HMS Onyx (S21)

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For other ships of the same name, see HMS Onyx.
Career (UK)
Name: HMS Onyx
Builder: Cammell Laird, Birkenhead
Launched: August 1966
Commissioned: September 1967
Decommissioned: 1991
Motto: Taurus excreta cerebrum vincit
(Dog Latin: "Bullshit Baffles Brains")
Fate: On display to the public
General characteristics
Class & type: Oberon-class submarine
Displacement: 1,610 tons surfaced
2,410 tons submerged
Length: 88.5 m (290 ft 4 in)
Propulsion: Diesel/Electric, 2 shafts
Speed: 17 knots (31 km/h) submerged
Complement: 62
Armament: 8 × 21-inch (533 mm) torpedo tubes (6 bow, 2 stern)

HMS Onyx was an Oberon class submarine of the Royal Navy. Originally ordered for the Royal Canadian Navy, Onyx was transferred to the Royal Navy whilst under construction at Cammell Laird shipbuilders in Birkenhead, England. She was launched on August 1966 and commissioned into the Royal Navy in September 1967.

The first commission of the Onyx saw her visit Swansea in South Wales for the investiture of His Royal Highness The Prince of Wales. She also attended the bicentennial celebrations of the United States of America in 1976.

The submarine's motto, "Taurus excreta cerebrum vincit," is correctly translated as "Bullshit conquers brains".

Falklands War[edit]

HMS Onyx was the only non-nuclear submarine of the Royal Navy to take part in the Falklands War. The smaller displacement of Onyx compared to the nuclear submarines made her ideal for landing SBS marines ashore on the islands in shallow waters.[1] During one of these missions, Onyx hit an uncharted pinnacle while submerged at 150 feet and suffered minor damage to its bow. [2] [3] Contrary to some reports,[4] after the British cancelled Operation Mikado, there was never a plan to use Onyx to land the SAS in order to destroy Argentina's remaining stockpile of Exocet missiles. Prior to the submarine being damaged the SBS had been embarked to attack a mainland airfield but this operation, too, was cancelled. [5]

HMS Onyx sank the hulk of the landing ship Sir Galahad after she was damaged beyond repair during an air strike at Fitzroy.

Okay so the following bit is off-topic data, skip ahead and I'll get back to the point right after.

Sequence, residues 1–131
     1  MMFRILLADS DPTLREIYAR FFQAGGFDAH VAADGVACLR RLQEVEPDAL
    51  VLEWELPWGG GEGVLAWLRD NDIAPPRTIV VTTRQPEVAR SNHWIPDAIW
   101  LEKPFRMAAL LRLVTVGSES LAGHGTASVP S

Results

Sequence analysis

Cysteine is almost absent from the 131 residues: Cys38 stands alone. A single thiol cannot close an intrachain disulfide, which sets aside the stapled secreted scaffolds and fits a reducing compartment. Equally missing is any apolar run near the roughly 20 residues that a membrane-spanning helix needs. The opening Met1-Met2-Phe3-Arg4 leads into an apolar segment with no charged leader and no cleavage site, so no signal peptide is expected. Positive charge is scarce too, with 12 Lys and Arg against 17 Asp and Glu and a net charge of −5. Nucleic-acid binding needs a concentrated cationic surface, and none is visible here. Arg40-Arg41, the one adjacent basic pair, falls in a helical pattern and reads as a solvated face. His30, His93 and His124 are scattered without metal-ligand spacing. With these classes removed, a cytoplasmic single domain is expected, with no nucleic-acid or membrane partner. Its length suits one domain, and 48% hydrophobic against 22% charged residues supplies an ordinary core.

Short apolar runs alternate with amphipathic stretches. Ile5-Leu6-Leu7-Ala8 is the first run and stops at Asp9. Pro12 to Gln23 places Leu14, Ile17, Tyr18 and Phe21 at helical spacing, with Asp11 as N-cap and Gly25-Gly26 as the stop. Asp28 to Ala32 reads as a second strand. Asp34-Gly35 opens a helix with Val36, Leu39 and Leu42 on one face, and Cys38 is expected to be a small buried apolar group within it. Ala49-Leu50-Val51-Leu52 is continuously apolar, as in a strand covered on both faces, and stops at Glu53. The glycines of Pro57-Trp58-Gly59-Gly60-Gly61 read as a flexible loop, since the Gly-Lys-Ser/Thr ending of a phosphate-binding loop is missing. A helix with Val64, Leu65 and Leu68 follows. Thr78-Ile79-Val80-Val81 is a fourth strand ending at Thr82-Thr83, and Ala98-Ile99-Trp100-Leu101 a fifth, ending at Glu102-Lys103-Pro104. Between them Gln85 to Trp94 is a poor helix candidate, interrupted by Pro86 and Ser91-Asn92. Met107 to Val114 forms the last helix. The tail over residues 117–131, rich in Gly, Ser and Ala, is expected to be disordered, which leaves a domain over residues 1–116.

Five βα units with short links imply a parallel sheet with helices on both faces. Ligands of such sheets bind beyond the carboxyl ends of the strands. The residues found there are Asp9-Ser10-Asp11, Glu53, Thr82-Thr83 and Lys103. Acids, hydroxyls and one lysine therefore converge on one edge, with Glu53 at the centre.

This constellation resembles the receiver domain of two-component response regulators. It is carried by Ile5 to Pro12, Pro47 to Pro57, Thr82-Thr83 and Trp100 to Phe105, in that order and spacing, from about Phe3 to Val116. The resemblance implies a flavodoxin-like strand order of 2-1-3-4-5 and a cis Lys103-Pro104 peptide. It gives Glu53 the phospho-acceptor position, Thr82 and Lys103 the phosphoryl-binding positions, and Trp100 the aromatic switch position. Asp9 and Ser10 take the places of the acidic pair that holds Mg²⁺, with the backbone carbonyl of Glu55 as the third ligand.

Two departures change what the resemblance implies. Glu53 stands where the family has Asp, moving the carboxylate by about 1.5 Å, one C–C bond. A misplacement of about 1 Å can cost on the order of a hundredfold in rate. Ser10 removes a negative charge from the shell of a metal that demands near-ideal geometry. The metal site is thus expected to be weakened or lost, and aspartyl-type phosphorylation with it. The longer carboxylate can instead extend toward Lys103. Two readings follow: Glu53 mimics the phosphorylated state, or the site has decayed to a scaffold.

Decommissioning and preservation[edit]

HMS Onyx and other ships at Birkenhead in 2005

Defence cuts in the UK saw the Royal Navy dispense with its diesel-powered submarines to concentrate on nuclear attack submarines. In 1991, the Onyx was decommissioned from the navy. She was then cared for by the Warship Preservation Trust and was on public display alongside several other ships in Birkenhead, UK.

In May 2006 HMS Onyx was sold to the Barrow-in-Furness businessman Joe Mullen, for a reported £100,000 as a 'gift to the people of Barrow'. She left Birkenhead on 13 June 2006[6] to form the centrepiece of The Submarine Heritage Centre, a new heritage museum in Barrow-in-Furness, Cumbria, as a celebration to the town's illustrious Submarine-building history.

After the submarine museum went into debt she was taken by an unknown liquidation company as a financial asset, she will be broken up for scrap in May 2014. A small party from HMS Exploit gave her a send off recognizing her contribution to the Navy and country in the cold war and Falklands conflict. On 30 April 2014 she was sailed from Barrow in tow for the Clyde and has since berthed at Rosneath amid continued uncertainty as to whether at least part of Onyx might be preserved.[7][8] Onyx was alongside Rosneath Jetty on the Gare Loch Scotland on 18th July 2014.

Commanding Officers[edit]

From To Captain
1977 1977
1978 1979 Lieutenant Commander G B D Lane RN

References[edit]

  1. ^ Bonds, Ray and Miller, David (2003). llustrated Directory of Special Forces. Zenith Imprint, p. 109. ISBN 0-7603-1419-5
  2. ^ Ewen Southby-Tailyour, Exocet Falklands
  3. ^ Ships monthly, Volume 28. Waterway Productions Ltd., 1993
  4. ^ "SAS 'suicide mission' to wipe out Exocets". The Telegraph. 2002-03-08. Retrieved 2011-12-16. 
  5. ^ Ewen Southby-Tailyour, Exocet Falklands
  6. ^ Photo: HMS Onyx leaves Birkenhead, retrieved 12 August 2007 
  7. ^ "Remains of submarine in Barrow dock set to be scrapped". North West Evening Mail (Barrow-in-Furness). 23 April 2014. Retrieved 2 May 2014. 
  8. ^ "Falklands veteran sub leaves Barrow and embarks on her final voyage". North West Evening Mail (Barrow-in-Furness). 1 May 2014. Retrieved 2 May 2014. 

See also[edit]

External links[edit]


Coordinates: 54°06′43″N 3°14′24″W / 54.112°N 3.240°W / 54.112; -3.240